24 Connection setup steps Server end: step 1: listen (for incoming requests) step 3: accept (a request) step 4: send/recv The accepted connection is on a new socket The old socket continues to listen for other active participants Client end: step 2: request & establish connect ion step 4: send/recv 24 Server l-socka-sock-1a-sock-2 Client1 socket Client2 socket From: Dan Rubensteins slides:

25 Server Socket: listen & accept Called on server side: int status = listen(sock, queuelen); status : 0 if listening, -1 if error sock : integer, socket descriptor queuelen : integer, # of active participants that can wait for a connection listen is non-blocking : returns immediately int s = accept(sock, &addr, &addrlen); s : integer, the new socket (used for data-transfer) sock : integer, the orig. socket (being listened on) addr : struct sockaddr, address of the active participant addrlen : sizeof(addr): value/result parameter must be set appropriately before call adjusted by OS upon return accept is blocking : waits for connection before returning 25

26 connect int status = connect(sock, &addr, addrlen); status : 0 if successful connect, -1 otherwise sock : integer, socket to be used in connection addr : struct sockaddr : address of passive participant addrlen : integer, sizeof(addr) connect is blocking 26

27 Sending / Receiving Data int count = send(sock, &buf, len, flags); count : # bytes transmitted (-1 if error) buf : void*, buffer to be transmitted len : integer, length of buffer (in bytes) to transmit flags : integer, special options, usually just 0 int count = recv(sock, &buf, len, flags); count : # bytes received (-1 if error) buf : void*, stores received bytes len : # bytes received flags : integer, special options, usually just 0 Calls are blocking [returns only after data is sent (to socket buf) / received] 27

28 close When finished using a socket, the socket should be closed: status = close(s); status : 0 if successful, -1 if error s : the file descriptor (socket being closed) Closing a socket closes a connection frees up the port used by the socket 28 From: Dan Rubensteins slides:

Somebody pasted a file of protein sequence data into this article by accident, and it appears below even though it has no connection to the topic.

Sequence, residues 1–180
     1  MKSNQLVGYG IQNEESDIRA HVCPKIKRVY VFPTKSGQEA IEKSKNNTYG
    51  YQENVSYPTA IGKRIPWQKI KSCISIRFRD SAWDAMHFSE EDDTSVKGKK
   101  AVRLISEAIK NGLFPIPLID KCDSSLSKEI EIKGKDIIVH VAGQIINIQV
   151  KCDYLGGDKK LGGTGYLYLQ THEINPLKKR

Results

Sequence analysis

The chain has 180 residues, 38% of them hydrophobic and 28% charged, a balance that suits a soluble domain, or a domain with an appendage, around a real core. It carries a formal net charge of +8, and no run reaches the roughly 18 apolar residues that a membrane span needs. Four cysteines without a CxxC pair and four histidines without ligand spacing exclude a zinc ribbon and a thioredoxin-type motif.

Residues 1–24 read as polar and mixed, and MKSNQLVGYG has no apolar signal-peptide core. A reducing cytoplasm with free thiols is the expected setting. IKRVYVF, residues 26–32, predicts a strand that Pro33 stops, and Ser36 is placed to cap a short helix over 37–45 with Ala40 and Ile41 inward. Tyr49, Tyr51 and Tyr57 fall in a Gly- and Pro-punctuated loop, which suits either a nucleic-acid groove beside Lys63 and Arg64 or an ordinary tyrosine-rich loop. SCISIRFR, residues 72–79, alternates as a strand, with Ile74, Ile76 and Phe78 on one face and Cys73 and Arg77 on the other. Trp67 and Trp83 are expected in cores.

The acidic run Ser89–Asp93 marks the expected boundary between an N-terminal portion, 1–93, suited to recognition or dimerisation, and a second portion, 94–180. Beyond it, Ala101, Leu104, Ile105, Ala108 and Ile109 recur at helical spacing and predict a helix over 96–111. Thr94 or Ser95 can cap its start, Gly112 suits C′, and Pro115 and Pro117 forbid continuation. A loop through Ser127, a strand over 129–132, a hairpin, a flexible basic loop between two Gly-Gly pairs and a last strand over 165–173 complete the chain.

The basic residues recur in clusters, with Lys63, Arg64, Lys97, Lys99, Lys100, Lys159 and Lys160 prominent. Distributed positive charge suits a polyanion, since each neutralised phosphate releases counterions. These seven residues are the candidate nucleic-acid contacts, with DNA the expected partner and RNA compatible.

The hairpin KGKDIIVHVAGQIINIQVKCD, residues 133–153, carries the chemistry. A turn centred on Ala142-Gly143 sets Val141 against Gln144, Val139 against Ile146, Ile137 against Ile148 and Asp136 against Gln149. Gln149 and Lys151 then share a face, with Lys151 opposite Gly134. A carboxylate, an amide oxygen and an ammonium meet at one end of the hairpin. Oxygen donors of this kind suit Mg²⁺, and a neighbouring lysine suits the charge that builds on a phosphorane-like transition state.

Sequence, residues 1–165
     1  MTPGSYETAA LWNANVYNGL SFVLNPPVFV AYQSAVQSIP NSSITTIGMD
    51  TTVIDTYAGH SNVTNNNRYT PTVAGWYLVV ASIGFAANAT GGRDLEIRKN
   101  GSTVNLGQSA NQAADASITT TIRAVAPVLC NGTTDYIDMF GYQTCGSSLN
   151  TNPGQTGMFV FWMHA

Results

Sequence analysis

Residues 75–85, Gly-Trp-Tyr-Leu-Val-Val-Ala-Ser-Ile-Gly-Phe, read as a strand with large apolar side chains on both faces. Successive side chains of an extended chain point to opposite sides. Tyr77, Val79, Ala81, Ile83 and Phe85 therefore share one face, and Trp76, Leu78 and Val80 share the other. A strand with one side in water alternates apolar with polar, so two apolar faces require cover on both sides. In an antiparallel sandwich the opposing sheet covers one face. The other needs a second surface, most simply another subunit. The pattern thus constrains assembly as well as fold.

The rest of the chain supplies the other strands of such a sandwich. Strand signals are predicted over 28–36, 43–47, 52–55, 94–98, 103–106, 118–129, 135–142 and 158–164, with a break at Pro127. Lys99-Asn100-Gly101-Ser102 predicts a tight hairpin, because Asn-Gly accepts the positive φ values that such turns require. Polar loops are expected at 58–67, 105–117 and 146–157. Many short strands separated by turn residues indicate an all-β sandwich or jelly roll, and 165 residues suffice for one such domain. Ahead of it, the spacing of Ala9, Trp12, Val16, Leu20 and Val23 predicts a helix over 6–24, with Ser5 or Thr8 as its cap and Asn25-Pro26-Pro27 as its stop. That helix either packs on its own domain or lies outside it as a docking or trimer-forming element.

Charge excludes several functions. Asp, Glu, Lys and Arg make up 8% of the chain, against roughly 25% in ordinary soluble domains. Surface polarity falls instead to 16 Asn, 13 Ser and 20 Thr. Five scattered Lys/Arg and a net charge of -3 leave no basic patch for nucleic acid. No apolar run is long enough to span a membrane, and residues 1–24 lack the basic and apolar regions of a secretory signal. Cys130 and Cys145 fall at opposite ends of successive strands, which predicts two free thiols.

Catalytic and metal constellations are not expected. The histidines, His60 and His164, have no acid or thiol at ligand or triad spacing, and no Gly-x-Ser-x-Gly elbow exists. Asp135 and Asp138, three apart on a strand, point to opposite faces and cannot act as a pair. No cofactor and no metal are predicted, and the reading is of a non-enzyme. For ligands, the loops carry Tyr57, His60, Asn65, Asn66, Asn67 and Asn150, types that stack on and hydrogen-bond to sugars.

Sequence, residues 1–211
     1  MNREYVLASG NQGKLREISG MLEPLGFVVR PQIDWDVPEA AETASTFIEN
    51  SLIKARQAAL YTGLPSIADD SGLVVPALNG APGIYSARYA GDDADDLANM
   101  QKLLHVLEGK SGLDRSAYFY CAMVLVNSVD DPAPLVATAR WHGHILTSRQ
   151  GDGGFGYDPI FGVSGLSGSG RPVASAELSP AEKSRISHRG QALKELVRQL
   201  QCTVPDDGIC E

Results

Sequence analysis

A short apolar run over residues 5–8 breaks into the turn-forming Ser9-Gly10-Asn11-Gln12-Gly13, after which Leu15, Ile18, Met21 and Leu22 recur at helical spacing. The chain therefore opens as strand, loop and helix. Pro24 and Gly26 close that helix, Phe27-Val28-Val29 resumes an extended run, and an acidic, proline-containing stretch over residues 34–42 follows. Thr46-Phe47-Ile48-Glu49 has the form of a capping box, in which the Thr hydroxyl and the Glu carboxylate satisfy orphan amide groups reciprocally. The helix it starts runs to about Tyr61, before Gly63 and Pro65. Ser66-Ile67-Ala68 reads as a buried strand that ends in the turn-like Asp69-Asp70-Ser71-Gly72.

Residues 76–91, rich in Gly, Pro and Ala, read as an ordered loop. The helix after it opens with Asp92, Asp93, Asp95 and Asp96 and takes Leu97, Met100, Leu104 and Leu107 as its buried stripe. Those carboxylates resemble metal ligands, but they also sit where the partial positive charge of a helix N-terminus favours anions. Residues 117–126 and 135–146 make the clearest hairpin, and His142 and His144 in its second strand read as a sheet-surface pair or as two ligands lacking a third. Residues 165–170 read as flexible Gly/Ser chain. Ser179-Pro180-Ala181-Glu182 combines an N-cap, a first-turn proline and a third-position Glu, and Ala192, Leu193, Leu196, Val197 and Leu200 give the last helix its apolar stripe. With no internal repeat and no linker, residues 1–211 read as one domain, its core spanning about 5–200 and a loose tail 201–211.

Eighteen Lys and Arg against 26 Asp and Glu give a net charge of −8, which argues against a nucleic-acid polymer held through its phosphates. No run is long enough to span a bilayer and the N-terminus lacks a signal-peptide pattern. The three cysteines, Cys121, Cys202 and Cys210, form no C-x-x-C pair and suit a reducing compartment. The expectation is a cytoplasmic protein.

29 The struct sockaddr The struct to store the Internet address of a host: struct sockaddr_in { short sin_family; u_short sin_port; struct in_addr sin_addr; char sin_zero[8]; }; sin_family = AF_INET // Specifies the address family sin_port : // Specifies the port #( ) sin_addr : // Specifies the IP address sin_zero : unused // unused! 29 From: Dan Rubensteins slides:

30 SOCKADDR Example struct sockaddr_in server; // Definition memset(&server, 0, sizeof(server)); // Initilize to 0 server.sin_family = AF_INET; // Set address family server.sin_port = htons(MYPORTNUM); // Set port server.sin_addr.s_addr = htonl(INADDR_ANY);// Set address Host Byte-Ordering: the byte ordering used by a host (big- endian or little-endian) Network Byte-Ordering: the byte ordering used by the network – always big-endian Any words sent through the network should be converted to Network Byte-Order prior to transmission (and back to Host Byte- Order once received) 30

31 Network Byte-Ordering u_long htonl(u_long x); u_short htons(u_short x); u_long ntohl(u_long x); u_short ntohs(u_short x); 31 On big-endian machines, these routines do nothing On little-endian machines, they reverse the byte order Big-Endian machine Little-Endian machine htonl ntohl From: Dan Rubensteins slides:

32 TIPS 1 Sometimes, an ungraceful exit from a program (e.g., ctrl-c ) does not properly free up a port Eventually (after a few minutes), the port will be freed You can kill the process, or To reduce the likelihood of this problem, include the following code: In header include: #include void cleanExit(){exit(0);} In socket code: signal(SIGTERM, cleanExit); signal(SIGINT, cleanExit); 32

33 Tips 2 Check Beej's Guide to Network Programming Using Internet Sockets Search the specification for the function you need to use for more info, or check the man pages. 33

34 Tips 3 How to find the IP address of the machine my server program is running on? Use or localhost for accessing a server running on your local machine. For a remote server running linux use the bash shell command: $ /sbin/ifconfig For windows, use ipconfig in cmd 34

35 summary application architectures client-server P2P application service requirements: reliability, bandwidth, delay Internet transport service model connection-oriented, reliable: TCP unreliable, datagrams: UDP our study of network apps now complete! specific protocols: HTTP FTP SMTP, POP, IMAP DNS P2P: BitTorrent, DHT socket programming: TCP, UDP sockets

36 typical request/reply message exchange: client requests info or service server responds with data, status code message formats: headers: fields giving info about data data: info being communicated important themes: control vs. data msgs in-band, out-of-band centralized vs. decentralized stateless vs. stateful reliable vs. unreliable msg transfer complexity at network edge summary most importantly: learned about protocols!